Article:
Pay raises for tens of thousands of state and university employees, the latest plan to help low-performing schools, an expansion of the state’s medical marijuana program, tax breaks for giant yacht owners and funding to pay for more than $1 billion in construction projects across Georgia take effect Saturday.
The start of the new year on the state government calendar Saturday brings more than 120 new laws. Many represent only minor changes, but some will have a big impact. .
“Campus carry,” legislation taking effect allowing anyone with a concealed-weapon permit to carry firearms on public college and university campuses has been the most publicized of the new laws.
But for educators, state employees and the millions served by state government and schools, the new $25 billion state budget will have the greatest impact.
It includes 2 percent more money for raises for tens of thousands of state and university system employees. Their raises take effect Saturday, although how much individuals will get generally depends on the raises their supervisors approved. Teachers will get their portion of the state raises — if school districts pass them along — on Sept. 1 when their new contracts begin.
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Some employees, like child protective services staffers, will get much larger raises in an attempt to slow the pace of turnover in those jobs.
The new budget provides more money for schools, public health care, public safety, and many other areas of government services. It also includes funding for dozens of construction projects across the state. The state recently borrowed a record $1.4 billion, based largely on the new budget, to pay for school, bridge and other construction projects.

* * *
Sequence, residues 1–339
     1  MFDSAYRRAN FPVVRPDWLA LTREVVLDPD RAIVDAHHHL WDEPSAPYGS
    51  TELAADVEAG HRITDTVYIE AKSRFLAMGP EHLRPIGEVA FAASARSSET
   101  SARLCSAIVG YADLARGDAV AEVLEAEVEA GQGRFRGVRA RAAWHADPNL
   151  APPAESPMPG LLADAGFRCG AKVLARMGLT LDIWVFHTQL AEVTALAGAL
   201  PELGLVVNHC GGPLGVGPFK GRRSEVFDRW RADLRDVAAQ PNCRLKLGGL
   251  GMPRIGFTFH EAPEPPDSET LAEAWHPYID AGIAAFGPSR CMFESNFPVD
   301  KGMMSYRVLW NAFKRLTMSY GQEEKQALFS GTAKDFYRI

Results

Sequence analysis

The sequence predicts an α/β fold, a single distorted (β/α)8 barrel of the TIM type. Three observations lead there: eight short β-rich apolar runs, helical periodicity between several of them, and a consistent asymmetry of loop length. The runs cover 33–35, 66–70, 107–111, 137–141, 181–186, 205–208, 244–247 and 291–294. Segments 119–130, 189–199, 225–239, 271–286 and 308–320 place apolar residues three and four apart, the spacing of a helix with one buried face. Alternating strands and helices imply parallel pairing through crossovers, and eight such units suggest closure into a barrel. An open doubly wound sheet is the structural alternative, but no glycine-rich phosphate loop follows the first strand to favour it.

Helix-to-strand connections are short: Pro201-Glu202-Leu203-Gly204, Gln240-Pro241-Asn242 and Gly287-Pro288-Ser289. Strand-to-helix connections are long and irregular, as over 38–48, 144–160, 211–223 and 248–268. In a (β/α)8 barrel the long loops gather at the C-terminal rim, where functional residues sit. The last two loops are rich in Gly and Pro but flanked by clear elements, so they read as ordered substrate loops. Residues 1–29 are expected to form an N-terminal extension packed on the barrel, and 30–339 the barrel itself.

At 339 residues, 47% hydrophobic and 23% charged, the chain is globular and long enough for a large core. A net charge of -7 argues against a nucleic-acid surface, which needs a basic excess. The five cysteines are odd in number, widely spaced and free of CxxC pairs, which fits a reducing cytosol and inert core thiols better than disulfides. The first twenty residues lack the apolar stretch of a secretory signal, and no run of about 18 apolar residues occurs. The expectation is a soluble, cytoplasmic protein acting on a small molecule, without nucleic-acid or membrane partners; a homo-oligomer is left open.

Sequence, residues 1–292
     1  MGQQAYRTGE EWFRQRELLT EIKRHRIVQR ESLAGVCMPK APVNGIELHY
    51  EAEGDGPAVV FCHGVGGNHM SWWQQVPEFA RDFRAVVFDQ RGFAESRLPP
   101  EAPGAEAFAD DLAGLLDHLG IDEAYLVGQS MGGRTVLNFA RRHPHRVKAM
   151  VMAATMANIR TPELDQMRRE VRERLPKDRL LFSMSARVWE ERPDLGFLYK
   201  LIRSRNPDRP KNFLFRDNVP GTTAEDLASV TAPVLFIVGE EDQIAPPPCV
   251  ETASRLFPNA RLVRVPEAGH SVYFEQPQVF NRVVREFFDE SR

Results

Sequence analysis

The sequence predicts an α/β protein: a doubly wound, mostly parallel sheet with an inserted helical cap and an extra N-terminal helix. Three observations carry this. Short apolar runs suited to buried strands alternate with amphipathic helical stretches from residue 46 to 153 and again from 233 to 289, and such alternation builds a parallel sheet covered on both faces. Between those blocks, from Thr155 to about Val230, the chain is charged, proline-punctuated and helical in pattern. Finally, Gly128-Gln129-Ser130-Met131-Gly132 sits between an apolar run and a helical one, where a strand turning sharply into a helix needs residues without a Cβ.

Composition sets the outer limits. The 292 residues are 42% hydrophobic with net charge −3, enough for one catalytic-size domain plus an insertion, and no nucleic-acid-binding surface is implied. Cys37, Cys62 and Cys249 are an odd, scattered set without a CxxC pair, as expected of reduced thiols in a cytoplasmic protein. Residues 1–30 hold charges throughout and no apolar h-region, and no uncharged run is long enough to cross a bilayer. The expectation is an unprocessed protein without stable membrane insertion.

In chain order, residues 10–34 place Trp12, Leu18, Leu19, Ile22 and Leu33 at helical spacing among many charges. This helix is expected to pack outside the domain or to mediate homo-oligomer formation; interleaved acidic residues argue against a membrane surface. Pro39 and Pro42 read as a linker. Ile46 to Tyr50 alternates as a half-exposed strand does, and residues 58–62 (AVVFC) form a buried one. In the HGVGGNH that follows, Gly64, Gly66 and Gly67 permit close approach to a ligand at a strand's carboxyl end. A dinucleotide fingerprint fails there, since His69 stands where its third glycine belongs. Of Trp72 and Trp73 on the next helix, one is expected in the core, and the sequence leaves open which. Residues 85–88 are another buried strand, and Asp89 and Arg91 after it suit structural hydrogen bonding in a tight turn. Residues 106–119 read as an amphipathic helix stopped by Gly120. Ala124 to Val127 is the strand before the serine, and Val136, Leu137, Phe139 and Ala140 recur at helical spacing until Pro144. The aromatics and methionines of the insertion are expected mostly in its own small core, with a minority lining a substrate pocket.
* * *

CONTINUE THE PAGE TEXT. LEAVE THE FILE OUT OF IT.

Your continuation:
The new year will also bring a new round of tax breaks. Among those taking effect Saturday are:
- A sales tax break for owners of giant yachts who get their vessels repaired or retrofitted in Georgia. The tax break aims to help a company in Savannah that wants to start the state’s first giant yacht repair business.
- A $60 million tax credit program for companies that invest in rural Georgia. Supporters say it will pump desperately needed capital into rural Georgia. Critics call it a “bad investment scheme” that is similar to legislation Gov. Nathan Deal vetoed in 2015. It passed in the final minutes of the 2017 session.
- Tax credits for video-gaming and post-production companies, which do things such as editing. The credits will cost the state and save the businesses $82.5 million over the next five years, according to one analysis.
Another new law that takes effect Saturday brings the state’s first increase in hunting and fishing fees in 25 years. The cost of a basic annual fishing and hunting license will rise from $17 to $30, and other fees will also be increased.
The aim is to provide additional money for the Department of Natural Resources to hire dozens of new rangers and make other improvements to public sites across the state.
The state’s limited medical marijuana statute, which first took effect in 2015, will be expanded under another law taking effect. The new law adds more conditions eligible for medical marijuana treatment: AIDS, Alzheimer’s disease, autism, epidermolysis bullosa, peripheral neuropathy and Tourette’s syndrome. It also allows patients in hospice care to possess the oil.
The state continues to expand the program despite the fact that U.S. Attorney General Jeff Sessions has asked Congress to remove federal protections preventing the Department of Justice from cracking down on medical marijuana providers.
Another new law will give the state broader power to intervene in schools it dubs low-performing, creating a state “chief turnaround officer” who would lead an intervention on such campuses.
“Campus carry” isn’t the only new law for colleges, but another one hitting the books Saturday is largely symbolic. It would let the state withhold public funding from any college in Georgia that declares itself a “sanctuary campus” for undocumented students in defiance of President Trump’s immigration policies. The bill was introduced after Emory University and other colleges flirted with the “sanctuary” declaration. Since then, Emory and other Georgia higher education institutions have steered clear of the fight.